Accessing online learning material: Quantitative behavior patterns and their effects on motivation and learning performance

Liang Yi Li*, Chin Chung Tsai

*Corresponding author for this work

Research output: Contribution to journalArticlepeer-review

133 Citations (Scopus)


Accessing learning materials, that is, lecture slides, video lectures, shared assignments, and forum messages, is the most frequently performed online learning activity. However, students with different purposes, motivations, and preferences may exhibit different behaviors when accessing these materials. These different behaviors may further affect their learning performance. This study analyzed system logs recorded by a Learning Management System in which 59 computer science students participated in a blended learning course to learn mobile phone programming. The results revealed several significant findings. First, the students viewed the learning materials related to their classroom lectures (i.e., lecture slides and video lectures) for longer and more often than other learning materials (i.e., shared assignments and posted messages). Second, although the students spent a great deal of time viewing the online learning materials, most did not use annotation tools. Third, students’ viewing behaviors showed great variety and were clustered into three behavior patterns: “consistent use students” who intensively used all of the learning materials, “slide intensive use students” who intensively used the lecture slides, and “less use students” who infrequently used any learning material. These different behavior patterns were also associated with their motivation and learning performance. The results are discussed, and several suggestions for teachers, researchers, and system designers are proposed.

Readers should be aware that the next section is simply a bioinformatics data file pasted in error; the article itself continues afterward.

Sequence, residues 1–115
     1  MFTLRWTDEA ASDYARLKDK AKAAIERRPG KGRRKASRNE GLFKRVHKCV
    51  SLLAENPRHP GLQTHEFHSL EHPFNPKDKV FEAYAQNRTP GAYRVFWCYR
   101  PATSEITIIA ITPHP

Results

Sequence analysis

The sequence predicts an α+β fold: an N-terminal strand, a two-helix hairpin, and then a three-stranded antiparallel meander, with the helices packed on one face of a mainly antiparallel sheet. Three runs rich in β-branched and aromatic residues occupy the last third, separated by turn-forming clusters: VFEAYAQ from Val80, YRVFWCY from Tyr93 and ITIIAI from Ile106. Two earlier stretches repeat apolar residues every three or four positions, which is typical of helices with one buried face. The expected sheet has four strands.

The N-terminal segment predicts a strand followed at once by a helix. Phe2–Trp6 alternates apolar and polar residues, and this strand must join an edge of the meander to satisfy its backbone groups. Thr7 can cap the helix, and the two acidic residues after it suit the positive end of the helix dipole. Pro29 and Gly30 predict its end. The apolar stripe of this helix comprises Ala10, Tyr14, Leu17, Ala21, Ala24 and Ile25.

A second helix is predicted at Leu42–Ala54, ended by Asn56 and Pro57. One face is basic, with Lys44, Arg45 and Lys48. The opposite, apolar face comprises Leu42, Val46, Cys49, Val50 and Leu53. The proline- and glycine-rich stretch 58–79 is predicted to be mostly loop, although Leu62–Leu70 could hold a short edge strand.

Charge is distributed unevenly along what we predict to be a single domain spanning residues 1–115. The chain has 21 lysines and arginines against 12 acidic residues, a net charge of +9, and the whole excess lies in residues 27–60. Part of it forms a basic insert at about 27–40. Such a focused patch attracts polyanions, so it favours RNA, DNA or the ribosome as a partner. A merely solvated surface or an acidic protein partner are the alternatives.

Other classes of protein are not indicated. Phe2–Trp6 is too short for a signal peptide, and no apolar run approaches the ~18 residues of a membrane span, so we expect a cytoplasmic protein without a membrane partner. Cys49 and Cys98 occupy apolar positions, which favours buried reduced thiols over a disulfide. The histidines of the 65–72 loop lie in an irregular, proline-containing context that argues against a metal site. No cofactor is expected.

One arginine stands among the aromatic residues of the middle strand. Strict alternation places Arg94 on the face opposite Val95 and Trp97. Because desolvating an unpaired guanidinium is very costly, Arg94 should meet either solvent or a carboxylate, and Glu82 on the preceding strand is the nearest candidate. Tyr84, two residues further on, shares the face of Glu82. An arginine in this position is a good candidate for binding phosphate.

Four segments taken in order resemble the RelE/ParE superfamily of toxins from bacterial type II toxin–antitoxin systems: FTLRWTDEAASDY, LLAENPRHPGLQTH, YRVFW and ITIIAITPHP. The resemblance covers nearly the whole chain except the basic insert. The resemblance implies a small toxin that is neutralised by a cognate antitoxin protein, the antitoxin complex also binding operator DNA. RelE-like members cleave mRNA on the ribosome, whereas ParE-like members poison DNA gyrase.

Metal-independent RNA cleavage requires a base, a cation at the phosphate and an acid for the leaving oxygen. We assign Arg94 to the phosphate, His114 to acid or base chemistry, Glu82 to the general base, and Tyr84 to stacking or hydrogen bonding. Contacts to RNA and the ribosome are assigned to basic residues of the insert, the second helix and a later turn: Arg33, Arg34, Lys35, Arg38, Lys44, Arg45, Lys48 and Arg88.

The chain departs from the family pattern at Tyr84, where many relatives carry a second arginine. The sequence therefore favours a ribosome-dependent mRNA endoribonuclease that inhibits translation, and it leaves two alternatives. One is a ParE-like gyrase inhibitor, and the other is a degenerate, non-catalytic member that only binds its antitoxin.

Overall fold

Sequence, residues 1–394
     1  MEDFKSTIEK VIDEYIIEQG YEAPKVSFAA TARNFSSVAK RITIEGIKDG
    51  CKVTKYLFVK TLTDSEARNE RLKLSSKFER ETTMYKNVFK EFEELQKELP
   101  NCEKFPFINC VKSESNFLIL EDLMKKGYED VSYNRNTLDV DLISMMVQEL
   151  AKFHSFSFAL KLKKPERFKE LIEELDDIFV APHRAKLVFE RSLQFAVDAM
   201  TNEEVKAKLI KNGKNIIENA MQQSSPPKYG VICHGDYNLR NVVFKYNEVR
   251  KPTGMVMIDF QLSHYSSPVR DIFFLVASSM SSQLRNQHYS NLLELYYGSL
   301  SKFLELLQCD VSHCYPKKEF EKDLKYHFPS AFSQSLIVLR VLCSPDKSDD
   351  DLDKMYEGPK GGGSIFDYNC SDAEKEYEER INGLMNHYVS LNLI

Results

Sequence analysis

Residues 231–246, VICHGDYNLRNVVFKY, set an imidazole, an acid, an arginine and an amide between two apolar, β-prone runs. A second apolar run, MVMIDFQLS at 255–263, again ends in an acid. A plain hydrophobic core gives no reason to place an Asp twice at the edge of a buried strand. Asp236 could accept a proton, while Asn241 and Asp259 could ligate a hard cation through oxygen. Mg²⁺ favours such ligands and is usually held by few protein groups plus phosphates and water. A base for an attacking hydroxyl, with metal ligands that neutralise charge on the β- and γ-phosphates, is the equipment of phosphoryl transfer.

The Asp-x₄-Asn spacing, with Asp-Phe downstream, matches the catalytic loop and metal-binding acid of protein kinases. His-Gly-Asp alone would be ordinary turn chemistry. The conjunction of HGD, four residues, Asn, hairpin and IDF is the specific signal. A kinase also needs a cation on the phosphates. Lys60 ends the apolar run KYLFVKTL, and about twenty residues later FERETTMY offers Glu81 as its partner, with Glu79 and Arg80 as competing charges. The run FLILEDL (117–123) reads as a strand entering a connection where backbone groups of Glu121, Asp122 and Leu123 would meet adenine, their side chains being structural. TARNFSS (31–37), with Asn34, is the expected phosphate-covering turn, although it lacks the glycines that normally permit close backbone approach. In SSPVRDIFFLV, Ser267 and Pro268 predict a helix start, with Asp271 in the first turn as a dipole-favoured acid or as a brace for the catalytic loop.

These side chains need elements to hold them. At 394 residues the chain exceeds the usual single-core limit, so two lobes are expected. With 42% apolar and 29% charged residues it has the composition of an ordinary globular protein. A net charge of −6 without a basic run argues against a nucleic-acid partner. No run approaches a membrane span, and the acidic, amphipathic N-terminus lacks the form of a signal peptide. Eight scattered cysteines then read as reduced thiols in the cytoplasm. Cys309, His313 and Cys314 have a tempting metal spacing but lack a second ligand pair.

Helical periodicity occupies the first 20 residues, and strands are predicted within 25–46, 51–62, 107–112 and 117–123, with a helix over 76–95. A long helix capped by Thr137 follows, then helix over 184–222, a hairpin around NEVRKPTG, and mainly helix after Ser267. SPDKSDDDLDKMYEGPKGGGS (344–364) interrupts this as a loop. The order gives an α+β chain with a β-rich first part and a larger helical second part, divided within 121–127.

Original languageEnglish
Pages (from-to)286-297
Number of pages12
JournalComputers and Education
Publication statusPublished - 2017 Nov


  • Distributed learning environments
  • Media in education
  • Post-secondary education
  • Teaching/learning strategies

ASJC Scopus subject areas

  • General Computer Science
  • Education


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